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Wednesday, August 29, 2012

HDFC warrant holders reap a windfall on conversion

Equity warrants may have lost their charm as an investment option in a languid market, but HDFC shareholders may have no reason to complain as their investments in warrants of the country's largest housing finance company have yielded higher returns than benchmark indices.

HDFC shares have been quoting at a premium to the warrant price for many weeks ahead of the conversion date (August 24). As a result, the conversion option turned attractive, prompting holders of Rs 5.5 crore warrants to exchange them for shares. Issued at a price of Rs 55 a piece three years ago, the warrants are estimated to have offered investors as high as 120% plus return on conversion - much higher than a 13% rise in the Sensex during the period.

In recent years investors in many other companies have let their warrants lapse, as they preferred to forgo the initial 25% payment made towards subscription after stock prices slipped below conversion prices. In some other companies, investors chose to convert warrants into equity at a premium to the market price.

On Tuesday, HDFC shares closed flat at 723, resulting in a gain of 68 for warrant holders whose total investment per warrant is Rs 655 (issue price of Rs 55 plus conversion price of Rs 600). As most warrant holders exercised their conversion option in the recent months and closer to the due date, the actual returns, according to analysts, will be based on the initial investment made at the issue price. This works out to 123%.

In August 2009, HDFC had issued over one crore warrants at Rs 275 each and the conversion price was fixed at Rs 3,000 based on the then face value of Rs 10 per share. Subsequently, the company split the Rs 10 stock into five shares of Rs 2 each due to which the number of warrants increased to Rs 5.5 crore while issue and conversion prices were adjusted to Rs 55 and Rs 600, respectively. The warrant holders had the alternative to exercise the conversion option within three years from the date of allotment.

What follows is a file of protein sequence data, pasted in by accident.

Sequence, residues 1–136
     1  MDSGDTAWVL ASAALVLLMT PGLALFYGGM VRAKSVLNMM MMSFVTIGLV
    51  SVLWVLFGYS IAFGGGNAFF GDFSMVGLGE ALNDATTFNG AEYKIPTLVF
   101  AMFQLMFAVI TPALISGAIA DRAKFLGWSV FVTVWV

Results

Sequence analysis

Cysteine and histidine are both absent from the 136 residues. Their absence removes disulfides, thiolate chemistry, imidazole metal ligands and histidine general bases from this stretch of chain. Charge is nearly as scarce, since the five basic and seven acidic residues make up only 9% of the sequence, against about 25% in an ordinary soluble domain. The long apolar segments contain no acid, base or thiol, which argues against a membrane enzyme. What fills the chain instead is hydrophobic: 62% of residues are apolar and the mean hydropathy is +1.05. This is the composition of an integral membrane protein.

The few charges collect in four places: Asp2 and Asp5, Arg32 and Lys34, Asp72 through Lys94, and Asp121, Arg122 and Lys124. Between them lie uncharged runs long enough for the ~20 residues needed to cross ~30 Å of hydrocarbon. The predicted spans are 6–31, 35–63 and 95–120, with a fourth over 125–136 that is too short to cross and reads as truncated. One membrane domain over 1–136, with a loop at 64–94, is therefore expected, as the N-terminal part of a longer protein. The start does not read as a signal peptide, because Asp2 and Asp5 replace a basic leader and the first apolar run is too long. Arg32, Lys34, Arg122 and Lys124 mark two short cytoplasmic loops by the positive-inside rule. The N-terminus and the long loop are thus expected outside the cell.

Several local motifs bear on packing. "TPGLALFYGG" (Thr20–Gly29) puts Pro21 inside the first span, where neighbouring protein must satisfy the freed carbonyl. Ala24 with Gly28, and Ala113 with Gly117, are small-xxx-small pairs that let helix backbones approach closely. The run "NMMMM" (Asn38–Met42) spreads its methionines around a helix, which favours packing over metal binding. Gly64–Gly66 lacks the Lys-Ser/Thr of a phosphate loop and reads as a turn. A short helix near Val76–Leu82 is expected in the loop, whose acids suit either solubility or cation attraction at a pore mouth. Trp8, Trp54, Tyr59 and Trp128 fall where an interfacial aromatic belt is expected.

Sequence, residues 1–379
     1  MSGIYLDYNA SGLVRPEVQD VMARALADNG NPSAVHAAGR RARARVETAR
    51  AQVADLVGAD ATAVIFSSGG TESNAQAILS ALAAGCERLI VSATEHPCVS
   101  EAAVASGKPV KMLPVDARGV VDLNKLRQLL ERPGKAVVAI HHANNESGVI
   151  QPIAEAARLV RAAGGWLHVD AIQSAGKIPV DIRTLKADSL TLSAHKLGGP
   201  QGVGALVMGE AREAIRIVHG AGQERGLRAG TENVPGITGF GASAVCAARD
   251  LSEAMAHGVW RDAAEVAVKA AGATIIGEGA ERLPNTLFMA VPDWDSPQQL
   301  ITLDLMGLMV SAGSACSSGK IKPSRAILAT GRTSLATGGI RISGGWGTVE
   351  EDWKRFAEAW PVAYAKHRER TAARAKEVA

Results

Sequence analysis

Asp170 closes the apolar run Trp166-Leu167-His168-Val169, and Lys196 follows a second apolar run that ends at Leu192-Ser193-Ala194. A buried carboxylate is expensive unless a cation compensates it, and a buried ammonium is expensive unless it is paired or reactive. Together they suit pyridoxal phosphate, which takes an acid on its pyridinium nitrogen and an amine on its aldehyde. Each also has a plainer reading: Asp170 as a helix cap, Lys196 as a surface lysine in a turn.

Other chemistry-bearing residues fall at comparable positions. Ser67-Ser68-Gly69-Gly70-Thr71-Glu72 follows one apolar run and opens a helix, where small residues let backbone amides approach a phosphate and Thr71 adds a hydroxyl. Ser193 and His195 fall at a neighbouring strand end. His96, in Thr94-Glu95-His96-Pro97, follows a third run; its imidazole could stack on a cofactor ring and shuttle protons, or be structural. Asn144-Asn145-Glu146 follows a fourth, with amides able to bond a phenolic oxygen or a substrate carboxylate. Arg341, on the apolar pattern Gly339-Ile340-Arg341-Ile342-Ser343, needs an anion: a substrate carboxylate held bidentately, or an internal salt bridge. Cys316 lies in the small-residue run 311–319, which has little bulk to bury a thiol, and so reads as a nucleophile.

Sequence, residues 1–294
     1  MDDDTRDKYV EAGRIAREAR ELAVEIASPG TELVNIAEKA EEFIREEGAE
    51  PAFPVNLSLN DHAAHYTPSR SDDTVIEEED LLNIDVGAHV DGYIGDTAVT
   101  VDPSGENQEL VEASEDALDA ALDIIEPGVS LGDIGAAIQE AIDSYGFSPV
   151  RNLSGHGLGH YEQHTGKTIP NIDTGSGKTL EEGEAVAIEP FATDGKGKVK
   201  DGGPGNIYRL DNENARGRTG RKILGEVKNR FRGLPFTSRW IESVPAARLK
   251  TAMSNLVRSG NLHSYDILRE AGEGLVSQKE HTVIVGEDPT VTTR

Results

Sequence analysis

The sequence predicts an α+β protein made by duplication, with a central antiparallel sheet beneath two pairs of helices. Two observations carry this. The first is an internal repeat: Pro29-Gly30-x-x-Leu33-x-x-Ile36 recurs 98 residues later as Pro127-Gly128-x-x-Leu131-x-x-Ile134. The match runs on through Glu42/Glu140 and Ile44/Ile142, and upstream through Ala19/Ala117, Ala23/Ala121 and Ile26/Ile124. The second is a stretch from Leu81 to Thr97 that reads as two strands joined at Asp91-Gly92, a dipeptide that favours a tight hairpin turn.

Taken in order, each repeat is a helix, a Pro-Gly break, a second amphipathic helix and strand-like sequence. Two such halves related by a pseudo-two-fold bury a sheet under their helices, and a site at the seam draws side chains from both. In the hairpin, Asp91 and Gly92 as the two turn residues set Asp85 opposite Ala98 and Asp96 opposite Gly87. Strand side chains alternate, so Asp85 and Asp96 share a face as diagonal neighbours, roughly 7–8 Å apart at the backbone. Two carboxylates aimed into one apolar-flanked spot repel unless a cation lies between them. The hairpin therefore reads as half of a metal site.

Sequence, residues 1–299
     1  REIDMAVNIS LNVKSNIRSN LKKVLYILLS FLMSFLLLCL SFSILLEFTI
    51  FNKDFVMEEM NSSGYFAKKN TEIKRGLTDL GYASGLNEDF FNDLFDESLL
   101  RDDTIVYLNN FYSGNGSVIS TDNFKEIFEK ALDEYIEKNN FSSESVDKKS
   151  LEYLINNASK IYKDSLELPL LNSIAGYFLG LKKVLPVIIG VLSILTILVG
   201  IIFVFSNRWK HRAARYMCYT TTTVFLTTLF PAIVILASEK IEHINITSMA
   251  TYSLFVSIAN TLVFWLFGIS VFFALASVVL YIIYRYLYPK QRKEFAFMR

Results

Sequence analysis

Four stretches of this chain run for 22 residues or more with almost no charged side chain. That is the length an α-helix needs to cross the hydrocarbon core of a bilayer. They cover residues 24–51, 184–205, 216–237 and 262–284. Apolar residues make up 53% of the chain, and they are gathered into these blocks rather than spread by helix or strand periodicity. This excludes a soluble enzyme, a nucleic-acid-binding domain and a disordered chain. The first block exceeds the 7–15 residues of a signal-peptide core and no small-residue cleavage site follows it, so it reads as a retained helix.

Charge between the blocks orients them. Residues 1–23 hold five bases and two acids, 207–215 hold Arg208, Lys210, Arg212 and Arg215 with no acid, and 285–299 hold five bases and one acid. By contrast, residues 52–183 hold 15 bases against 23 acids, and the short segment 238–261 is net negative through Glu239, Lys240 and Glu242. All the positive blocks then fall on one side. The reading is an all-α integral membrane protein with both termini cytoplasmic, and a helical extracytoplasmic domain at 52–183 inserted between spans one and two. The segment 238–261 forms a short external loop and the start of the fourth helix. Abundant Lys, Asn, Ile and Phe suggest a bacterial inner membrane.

"HDFC is a defensive stock and so the share price has been holding firm despite uncertain market conditions. This prompted warrant holders to exercise conversion option so that they earn a good return on conversion," said Vaibhav Agrawal, vice-president, research (banking), Angel Broking.

He, however, said the HDFC issue was a unique combination of debt and warrants which were mostly issued to institutional investors. In many past cases, companies had issued warrants to their promoters who generally do not invest in such instruments to earn returns on conversion. Thus, returns from investment in HDFC's warrants cannot be compared with those earned from similar instruments issued by other companies, said Agrawal.

A large number of warrants are expected to have changed hands from the original holders to new investors amid active trading in the securities ahead of the conversion. According to brokers, many HNIs and institutional investors bought HDFC warrants in the recent months as they sensed an arbitrage opportunity as well as dividend benefit. HDFC paid 550% dividend for FY12, higher than 450% in the previous year.

Source: EconomicTimes


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